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Art People: The Law With a Brush 

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One day a few years ago police officer Daniel Godsel was browsing at a bookstore while his partner looked for a Christmas present. "While she was off shopping," Godsel says, "I picked up a book on an artist. There was this guy in a suit next to me, and he's staring at me and I'm ignoring him. I'm reading this book and he says, "Oh, are you interested in art?' I said, "Yeah.' And he said, "Well, that's a refreshing thing to see, a cop reading.' I was very offended by that--to think that because I'm a cop I'm illiterate. Not only was I reading a book but reading a book on art, of all things."

When the 26-year-old officer, who's been with the Chicago Police Department for about four years, isn't working as a member of a tactical gang team on the west side, he's busy painting and working on his BFA at the School of the Art Institute. He and 12 other Chicago police officers will be showing their work during March in the Fine Arts Building Gallery exhibit "Off Beat: Art From the Heart"--many, like Godsel, for the first time publicly. The exhibit was the idea of painter Chris Basick, who saw an officer shopping for art supplies last year and asked, "Are there more of you? Are there more police officers who make art?" Says Basick, "That's not an image I would expect--seeing a police officer looking at brushes."

Godsel says his life as a police officer and his life as an artist are completely separate. "I don't take something that happened to me on any given day and make a picture of it," he says. His paintings--whether in watercolor or oil--are highly personal; often he chooses objects that have a personal significance to him or someone close to him. "I'm trying to get deeper into my own mind. So in a sense they're like self-portraits. I like the idea of somebody seeing a really personal painting and drawing their own conclusions--not so much as far as getting an insight into my own emotion but maybe seeing some of their own." A series of multiple-figure paintings he did a couple years ago (two of these--In My Mind and What Am I to Do Here?--are included in "Off Beat") are examples of this. "There was a bit of searching going on," Godsel says. "I think that's what that series was about. A bit of confusion. In What Am I to Do Here? there's a single figure and a portrait-type head that gazes straight out--that's intended to be confrontational. The figure is sort of unto itself, sort of reflecting, and probably appears to be a bit tense or going through some sort of dilemma."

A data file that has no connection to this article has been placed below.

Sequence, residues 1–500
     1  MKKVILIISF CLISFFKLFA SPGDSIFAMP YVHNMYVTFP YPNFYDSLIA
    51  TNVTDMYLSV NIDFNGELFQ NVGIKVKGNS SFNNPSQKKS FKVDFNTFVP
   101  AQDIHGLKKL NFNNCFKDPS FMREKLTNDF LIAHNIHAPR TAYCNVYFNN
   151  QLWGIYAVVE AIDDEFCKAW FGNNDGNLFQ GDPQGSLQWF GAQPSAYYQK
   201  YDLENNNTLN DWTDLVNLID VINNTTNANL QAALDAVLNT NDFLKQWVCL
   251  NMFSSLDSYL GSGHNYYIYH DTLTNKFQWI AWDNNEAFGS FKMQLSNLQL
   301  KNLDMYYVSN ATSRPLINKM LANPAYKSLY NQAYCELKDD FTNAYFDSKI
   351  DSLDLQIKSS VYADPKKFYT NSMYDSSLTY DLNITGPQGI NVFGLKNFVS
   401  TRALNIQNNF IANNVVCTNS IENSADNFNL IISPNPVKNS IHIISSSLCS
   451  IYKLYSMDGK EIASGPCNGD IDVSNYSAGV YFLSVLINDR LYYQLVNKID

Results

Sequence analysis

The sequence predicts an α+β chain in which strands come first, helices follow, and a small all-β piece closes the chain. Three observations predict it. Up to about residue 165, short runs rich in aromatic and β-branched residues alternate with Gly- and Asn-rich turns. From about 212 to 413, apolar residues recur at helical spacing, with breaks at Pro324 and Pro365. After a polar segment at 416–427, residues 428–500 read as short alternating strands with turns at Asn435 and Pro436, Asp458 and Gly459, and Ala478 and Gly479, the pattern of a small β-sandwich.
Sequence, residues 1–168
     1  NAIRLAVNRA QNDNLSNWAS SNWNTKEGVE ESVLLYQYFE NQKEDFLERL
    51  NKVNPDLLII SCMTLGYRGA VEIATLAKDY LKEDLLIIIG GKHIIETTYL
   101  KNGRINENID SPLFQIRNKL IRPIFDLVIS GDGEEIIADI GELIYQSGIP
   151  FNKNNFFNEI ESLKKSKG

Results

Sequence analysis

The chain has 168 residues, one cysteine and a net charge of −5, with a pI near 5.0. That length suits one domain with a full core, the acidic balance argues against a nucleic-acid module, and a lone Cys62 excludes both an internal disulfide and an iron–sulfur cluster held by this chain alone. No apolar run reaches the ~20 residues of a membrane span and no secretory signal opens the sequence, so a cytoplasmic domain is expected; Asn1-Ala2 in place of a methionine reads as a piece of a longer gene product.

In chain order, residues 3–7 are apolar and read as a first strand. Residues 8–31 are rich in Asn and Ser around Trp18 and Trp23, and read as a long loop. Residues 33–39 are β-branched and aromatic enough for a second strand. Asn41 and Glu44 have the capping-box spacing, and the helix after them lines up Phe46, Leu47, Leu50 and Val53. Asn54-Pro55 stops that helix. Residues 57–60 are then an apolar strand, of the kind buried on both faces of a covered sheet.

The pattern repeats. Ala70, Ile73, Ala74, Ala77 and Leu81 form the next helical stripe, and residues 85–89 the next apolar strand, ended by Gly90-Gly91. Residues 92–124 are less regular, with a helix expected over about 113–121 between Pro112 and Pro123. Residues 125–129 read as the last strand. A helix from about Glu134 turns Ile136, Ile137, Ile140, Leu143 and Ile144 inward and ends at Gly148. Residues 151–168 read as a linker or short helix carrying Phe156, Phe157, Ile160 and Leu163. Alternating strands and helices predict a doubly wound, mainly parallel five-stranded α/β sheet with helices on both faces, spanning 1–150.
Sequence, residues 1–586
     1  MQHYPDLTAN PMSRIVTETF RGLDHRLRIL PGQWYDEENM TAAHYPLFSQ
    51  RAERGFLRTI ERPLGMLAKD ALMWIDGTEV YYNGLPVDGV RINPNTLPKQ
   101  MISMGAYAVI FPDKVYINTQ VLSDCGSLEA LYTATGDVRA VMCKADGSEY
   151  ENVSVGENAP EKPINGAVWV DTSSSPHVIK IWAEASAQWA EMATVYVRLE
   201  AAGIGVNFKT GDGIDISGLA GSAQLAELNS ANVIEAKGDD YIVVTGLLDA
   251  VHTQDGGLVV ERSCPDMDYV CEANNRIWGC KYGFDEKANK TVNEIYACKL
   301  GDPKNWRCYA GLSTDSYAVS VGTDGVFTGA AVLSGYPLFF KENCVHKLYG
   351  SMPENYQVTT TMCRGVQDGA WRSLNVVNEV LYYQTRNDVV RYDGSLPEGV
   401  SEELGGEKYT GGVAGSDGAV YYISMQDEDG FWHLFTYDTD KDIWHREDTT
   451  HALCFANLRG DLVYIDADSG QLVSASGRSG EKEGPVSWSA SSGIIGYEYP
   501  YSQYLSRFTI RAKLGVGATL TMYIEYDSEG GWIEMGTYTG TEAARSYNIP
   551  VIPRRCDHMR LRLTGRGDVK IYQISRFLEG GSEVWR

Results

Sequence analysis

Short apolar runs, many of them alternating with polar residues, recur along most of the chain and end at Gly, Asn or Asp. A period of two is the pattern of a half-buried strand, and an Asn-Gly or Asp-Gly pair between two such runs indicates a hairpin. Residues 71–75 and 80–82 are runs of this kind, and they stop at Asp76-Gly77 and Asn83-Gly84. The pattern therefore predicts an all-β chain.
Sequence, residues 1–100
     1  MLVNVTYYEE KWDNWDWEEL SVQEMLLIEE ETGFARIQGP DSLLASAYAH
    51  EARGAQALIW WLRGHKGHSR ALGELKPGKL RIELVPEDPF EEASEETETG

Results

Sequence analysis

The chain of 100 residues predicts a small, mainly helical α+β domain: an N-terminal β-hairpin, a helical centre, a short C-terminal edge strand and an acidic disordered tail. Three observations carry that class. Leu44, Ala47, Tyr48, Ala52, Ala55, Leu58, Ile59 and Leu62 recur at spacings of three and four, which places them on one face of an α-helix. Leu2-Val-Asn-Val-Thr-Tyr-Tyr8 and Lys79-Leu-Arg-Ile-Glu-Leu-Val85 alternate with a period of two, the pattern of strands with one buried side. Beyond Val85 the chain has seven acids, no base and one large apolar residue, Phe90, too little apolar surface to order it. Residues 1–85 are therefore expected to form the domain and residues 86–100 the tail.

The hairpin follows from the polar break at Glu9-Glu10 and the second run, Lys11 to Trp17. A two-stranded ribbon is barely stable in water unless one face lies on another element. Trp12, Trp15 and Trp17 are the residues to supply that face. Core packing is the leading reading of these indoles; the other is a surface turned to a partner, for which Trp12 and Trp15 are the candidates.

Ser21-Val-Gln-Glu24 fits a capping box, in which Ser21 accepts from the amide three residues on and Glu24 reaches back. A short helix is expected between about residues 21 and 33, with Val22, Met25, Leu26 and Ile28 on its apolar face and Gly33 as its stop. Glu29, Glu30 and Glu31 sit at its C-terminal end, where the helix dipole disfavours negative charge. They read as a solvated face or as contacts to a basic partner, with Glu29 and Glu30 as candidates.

Godsel was an artist before he became a police officer. While he was in high school at Quigley South he enrolled in the School of the Art Institute's Early College Program. After graduating from Quigley in 1987 he went to the Art Institute full-time until, for financial reasons, he had to drop out during his senior year. Looking around for a job, he first considered the fire department--his father is a fireman and so was his grandfather. And "with one [day] on and two off I figured I'd have a lot of time to paint," he says. But the fire department wasn't hiring at the time so he ended up taking the tests for the police academy, which he entered in December 1991.

At the School of the Art Institute Godsel usually doesn't tell the other art students what he does for a living. "I'm sort of guarded," he says, "because sometimes there's a stigma. But that might be a preconception of mine." When it does come out that he's a police officer, he says, "some of them are very interested and others leave it at "Oh."' It's a different story when his fellow officers find out he's a painter. "At first they're shocked. But some of them are fascinated and ask a million questions. They're very open-minded about it, from my bosses right down to my partner."

Being a police officer and an art student (as well as a father--he and his wife, Zlata, have an 18-month-old son and are expecting another child in September) doesn't leave Godsel a lot of time to paint. Still, he tries to paint every day, working in the basement of his northwest-side home. Once he finishes his BFA he plans to pursue a master's degree, hopefully at the School of the Art Institute. He likes his job but says that in the long run "my dream is to just make art."

"Off Beat: Art From the Heart" opens tonight with a free reception from 5 to 8 PM at the Fine Arts Building Gallery, 410 S. Michigan, room 433. The show continues through March 30. Gallery hours are Wednesday through Saturday, noon to 6. Call 913-0537 for more information.

--Bonita McLaughlin

Art accompanying story in printed newspaper (not available in this archive): photo/Nathan Mandell.

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